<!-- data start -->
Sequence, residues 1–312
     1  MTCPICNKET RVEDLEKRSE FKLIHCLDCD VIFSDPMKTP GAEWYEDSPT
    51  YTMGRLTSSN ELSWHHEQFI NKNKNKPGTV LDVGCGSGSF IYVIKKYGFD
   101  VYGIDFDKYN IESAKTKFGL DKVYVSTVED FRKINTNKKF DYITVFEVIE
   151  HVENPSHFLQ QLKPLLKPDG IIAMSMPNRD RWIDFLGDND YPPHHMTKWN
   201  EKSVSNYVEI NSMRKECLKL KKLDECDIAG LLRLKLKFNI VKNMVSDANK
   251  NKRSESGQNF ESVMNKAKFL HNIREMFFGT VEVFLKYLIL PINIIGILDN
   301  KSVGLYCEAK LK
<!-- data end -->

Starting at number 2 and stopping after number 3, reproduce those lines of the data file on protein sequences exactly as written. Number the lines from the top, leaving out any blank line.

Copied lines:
     1  MTCPICNKET RVEDLEKRSE FKLIHCLDCD VIFSDPMKTP GAEWYEDSPT
    51  YTMGRLTSSN ELSWHHEQFI NKNKNKPGTV LDVGCGSGSF IYVIKKYGFD